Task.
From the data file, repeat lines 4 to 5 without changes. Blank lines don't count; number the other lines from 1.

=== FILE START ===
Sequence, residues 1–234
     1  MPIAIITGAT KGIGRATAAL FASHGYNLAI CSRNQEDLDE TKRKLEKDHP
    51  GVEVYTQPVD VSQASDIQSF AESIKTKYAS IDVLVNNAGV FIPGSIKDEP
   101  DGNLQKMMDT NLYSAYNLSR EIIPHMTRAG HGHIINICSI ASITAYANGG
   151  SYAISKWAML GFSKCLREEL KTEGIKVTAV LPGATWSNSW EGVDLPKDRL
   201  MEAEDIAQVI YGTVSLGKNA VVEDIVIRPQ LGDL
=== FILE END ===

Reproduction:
   101  DGNLQKMMDT NLYSAYNLSR EIIPHMTRAG HGHIINICSI ASITAYANGG
   151  SYAISKWAML GFSKCLREEL KTEGIKVTAV LPGATWSNSW EGVDLPKDRL